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Fix inconsistent Openstack volumes and instances from Cinder and Nova via the database

Published: 22-12-2014 | Author: Remy van Elst | Text only version of this article

❗ This post is over nine years old. It may no longer be up to date. Opinions may have changed.

When running Openstack, sometimes the state of a volume or an instance can be inconsistent on the cluster. Nova might find a volume attached while Cinder says the volume is detached or otherwise. Sometimes a volume deletion hangs, or a detach does not work. If you've found and fixed the underlying issue (lvm, iscsi, ceph, nfs etc...) you need to bring the database up to date with the new consistent state. Most of the time a reset-state works, sometimes you need to manually edit the database to correct the state. These snippets show you how.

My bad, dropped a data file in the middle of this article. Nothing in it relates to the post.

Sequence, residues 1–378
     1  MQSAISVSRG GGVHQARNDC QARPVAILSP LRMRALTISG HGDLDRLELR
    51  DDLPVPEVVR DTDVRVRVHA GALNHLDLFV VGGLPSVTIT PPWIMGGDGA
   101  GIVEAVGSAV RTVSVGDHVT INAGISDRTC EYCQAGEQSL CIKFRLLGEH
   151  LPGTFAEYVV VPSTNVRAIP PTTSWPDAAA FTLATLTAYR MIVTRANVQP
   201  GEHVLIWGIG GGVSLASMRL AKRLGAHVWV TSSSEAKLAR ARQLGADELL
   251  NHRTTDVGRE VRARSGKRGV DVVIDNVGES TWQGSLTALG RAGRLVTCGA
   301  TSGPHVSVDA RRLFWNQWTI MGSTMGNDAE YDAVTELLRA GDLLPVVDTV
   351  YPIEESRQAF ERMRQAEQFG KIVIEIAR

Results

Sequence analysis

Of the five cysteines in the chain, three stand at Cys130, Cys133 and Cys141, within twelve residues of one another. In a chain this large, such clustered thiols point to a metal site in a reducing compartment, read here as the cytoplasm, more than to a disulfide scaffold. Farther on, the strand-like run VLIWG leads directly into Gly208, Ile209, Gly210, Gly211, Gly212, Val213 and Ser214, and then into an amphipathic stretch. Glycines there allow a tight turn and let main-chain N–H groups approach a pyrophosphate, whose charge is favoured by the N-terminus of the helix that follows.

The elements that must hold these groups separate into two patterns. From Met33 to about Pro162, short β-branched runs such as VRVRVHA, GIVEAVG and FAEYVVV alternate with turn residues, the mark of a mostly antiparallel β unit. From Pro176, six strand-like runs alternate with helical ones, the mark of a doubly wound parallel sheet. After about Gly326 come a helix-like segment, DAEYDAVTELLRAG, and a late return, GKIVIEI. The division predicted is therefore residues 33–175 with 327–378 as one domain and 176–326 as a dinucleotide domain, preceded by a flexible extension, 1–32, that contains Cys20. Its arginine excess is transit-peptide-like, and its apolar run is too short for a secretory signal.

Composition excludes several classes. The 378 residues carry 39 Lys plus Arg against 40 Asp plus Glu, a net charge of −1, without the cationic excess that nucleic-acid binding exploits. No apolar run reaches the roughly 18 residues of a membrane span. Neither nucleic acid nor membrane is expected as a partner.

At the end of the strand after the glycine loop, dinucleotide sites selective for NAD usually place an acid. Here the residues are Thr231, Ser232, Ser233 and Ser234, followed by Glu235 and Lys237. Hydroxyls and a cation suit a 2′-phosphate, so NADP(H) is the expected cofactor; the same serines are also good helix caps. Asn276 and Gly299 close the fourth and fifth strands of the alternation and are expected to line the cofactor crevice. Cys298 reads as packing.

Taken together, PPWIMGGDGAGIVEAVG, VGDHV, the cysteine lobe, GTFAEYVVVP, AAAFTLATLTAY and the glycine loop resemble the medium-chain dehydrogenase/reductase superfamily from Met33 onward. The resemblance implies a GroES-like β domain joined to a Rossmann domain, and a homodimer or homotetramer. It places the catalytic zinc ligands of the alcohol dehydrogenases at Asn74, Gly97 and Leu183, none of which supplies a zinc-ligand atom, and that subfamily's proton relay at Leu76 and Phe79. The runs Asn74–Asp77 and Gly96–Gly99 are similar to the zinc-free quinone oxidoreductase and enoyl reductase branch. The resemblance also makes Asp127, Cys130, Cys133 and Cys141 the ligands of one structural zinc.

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Please note that it is important to find and fix the underlying issue. If you for example have a volume which hangs on detaching, resetting the database is a quick hack and not a real fix. Make sure you first fix the underlying issue and cause before you update the database.

These examples were tested with all components on Juno and on Icehouse with MySQL as the backing database.

Please be extermely carefull with these examples.

Delete an instance

Your NFS backing storage might have crashed halfway during a VM delete. You've manually deleted all the related files (disk, config etc) and removed the VM domain from the backing hypervisor (virsh, esxi etc). However nova show still sees the VM as active (or error). A nova reset-state --active doesn't fix the delete part. The following query can be used to set an instance as deleted: